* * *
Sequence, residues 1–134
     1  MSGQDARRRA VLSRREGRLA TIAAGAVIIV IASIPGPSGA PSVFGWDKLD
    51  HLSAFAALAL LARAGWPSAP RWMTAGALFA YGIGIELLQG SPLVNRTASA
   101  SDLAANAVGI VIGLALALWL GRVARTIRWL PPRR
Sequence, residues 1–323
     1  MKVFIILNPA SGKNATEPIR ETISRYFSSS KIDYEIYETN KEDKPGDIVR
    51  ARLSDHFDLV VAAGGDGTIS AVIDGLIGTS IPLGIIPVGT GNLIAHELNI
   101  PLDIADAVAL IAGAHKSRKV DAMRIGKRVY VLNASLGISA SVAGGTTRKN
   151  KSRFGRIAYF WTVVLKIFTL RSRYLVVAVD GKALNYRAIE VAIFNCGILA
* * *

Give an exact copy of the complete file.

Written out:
Sequence, residues 1–134
     1  MSGQDARRRA VLSRREGRLA TIAAGAVIIV IASIPGPSGA PSVFGWDKLD
    51  HLSAFAALAL LARAGWPSAP RWMTAGALFA YGIGIELLQG SPLVNRTASA
   101  SDLAANAVGI VIGLALALWL GRVARTIRWL PPRR
Sequence, residues 1–323
     1  MKVFIILNPA SGKNATEPIR ETISRYFSSS KIDYEIYETN KEDKPGDIVR
    51  ARLSDHFDLV VAAGGDGTIS AVIDGLIGTS IPLGIIPVGT GNLIAHELNI
   101  PLDIADAVAL IAGAHKSRKV DAMRIGKRVY VLNASLGISA SVAGGTTRKN
   151  KSRFGRIAYF WTVVLKIFTL RSRYLVVAVD GKALNYRAIE VAIFNCGILA